Tips on Dividing Bee Colonies

You can make a division of an existing healthy colony in order to populate a new hive.

You should avoid making divisions during the honey season because it will reduce the amount of honey produced and to be harvested. Make divisions after the honey flow to increase colony numbers.

The best time to divide a colony is when the bees are ready to swarm and the bees are trying naturally to reproduce.

Tips on dividing bee colonies include:

  1. Prepare your new hive first – clean it and by rub it with some beeswax or propolis so it smells familiar for the bees.
  2. Put on protective gear and have the smoker lit.
  3. Always choose a big healthy colony to divide and check it has brood, eggs, pollen and honey.
  4. Put the new hive next to the overcrowded hive.
  5. From the big healthy colony, select a comb with queen cells, remove it from the hive and break all the queen cells except the biggest capped two. You need two just in case one gets damaged.
  6. Now transfer the comb with the 2 queen cells into the new hive.
  7. Also transfer one or two other combs with a lot of sealed brood and a little unsealed brood. The number will depend on how many you have in the original hive. The sealed brood is very important because more brood means adult bees will emerge very quickly in the new hive. Also sealed brood are stronger and can survive better than unsealed brood.
  8. Also transfer one or two combs of food comb with lots of sealed honey and pollen.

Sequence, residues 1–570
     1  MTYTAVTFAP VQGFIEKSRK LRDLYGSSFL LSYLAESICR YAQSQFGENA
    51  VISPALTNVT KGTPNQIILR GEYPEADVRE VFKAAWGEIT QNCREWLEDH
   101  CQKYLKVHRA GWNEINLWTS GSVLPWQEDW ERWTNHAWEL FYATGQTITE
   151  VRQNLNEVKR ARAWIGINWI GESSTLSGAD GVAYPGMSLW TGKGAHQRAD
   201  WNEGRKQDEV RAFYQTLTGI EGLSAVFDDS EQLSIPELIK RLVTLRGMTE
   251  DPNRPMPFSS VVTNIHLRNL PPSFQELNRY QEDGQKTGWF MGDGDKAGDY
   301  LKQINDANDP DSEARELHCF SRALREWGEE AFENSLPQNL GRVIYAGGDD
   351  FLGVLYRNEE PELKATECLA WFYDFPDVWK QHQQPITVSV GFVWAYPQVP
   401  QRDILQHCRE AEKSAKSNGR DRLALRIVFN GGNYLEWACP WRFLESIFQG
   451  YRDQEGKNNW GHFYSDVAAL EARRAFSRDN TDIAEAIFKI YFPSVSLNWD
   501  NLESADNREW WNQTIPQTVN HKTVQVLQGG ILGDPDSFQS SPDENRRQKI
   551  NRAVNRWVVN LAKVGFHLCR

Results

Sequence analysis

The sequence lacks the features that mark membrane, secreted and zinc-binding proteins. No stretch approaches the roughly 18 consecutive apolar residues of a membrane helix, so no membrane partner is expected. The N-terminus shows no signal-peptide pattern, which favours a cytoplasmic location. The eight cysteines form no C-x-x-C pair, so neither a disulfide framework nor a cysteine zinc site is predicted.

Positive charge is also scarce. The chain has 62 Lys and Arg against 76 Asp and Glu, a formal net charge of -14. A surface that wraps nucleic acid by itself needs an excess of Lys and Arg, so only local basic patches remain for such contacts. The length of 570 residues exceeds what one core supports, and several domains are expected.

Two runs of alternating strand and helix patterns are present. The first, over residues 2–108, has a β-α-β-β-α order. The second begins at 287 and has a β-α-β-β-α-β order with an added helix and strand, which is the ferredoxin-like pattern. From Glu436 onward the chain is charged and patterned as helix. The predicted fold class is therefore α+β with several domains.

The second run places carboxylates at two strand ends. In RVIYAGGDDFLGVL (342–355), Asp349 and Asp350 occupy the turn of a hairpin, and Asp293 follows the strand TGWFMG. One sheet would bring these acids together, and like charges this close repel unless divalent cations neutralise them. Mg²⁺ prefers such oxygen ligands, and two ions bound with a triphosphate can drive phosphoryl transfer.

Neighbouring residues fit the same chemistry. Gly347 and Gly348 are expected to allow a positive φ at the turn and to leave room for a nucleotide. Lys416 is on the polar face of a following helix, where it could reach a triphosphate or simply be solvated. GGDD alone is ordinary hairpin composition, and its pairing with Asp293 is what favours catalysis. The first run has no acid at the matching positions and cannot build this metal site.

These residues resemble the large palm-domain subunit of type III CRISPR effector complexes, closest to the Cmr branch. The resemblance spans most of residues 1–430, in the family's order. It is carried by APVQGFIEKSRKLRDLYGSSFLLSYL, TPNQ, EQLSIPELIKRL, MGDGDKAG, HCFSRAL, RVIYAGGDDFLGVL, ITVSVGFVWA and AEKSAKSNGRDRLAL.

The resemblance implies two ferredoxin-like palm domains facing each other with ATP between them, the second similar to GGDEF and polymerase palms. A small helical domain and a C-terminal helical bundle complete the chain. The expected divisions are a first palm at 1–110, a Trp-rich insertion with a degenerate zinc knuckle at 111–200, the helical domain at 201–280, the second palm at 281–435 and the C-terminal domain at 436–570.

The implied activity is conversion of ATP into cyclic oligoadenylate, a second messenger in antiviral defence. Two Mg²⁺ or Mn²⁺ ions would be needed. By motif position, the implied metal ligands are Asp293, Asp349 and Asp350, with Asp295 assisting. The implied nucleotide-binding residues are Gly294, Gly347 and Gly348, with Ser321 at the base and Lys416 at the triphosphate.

9. You can make a division without queen cells as long as the new colony has female worker eggs and larvae in the combs transferred. From the very young larvae they will be able to make new queen cells within a few days and raise a new queen.
  10. Include bees on all the combs you transfer and brush or shake in bees from 2 or 3other combs as well.
    Include the bees sitting on the brood combs as these are nurse bees that will soon produce royal jelly for the new queen. These are very important to feed and warm the brood also.
  11. Check very thoroughly that you do NOT have the old queen on the combs you move or brush off. She must remain undisturbed in the old hive or mother colony. If you are in doubt then make sure you leave eggs and at least leave one big capped queen cell in the old hive in case you have taken her by accident. The bees will destroy the queen cell if the queen is present.
  12. Remember to put the brood combs in the middle and the honeycombs on either side to insulate the brood nest. The framing combs feed and help the bees to keep the brood warm.
  13. These bees will become a new colony. Most of the adult bees will remain in the old hive and continue to make honey.
  14. The bees will look after the queen cells in the new colony and a new queen will hatch out. The first queen to hatch out will destroy the other queen cells.
  15. Wait until dark then move the new hive to a site at least 2kms from the old site if possible.
  16. If you don’t have a place to put the new divided colony 2kms away then you must move both hives
    1m either side of the old location. This will ensure that some returning bees go into the old hive and some into the new.
  17. You will need to feed the bees in the new hive, as they will not know where to go and get food in their new place. A small colony can become weak very quickly.
  18. If you see the queen or brood after 3-4 weeks then this has now become an established colony.
  19. Alternatively, place one hive on top of the other but with different direction of entrances.

References

  1. A year in the life of an apiary 3rd edition
  2. Tropical and subtropical apiculture
  3. Bees together
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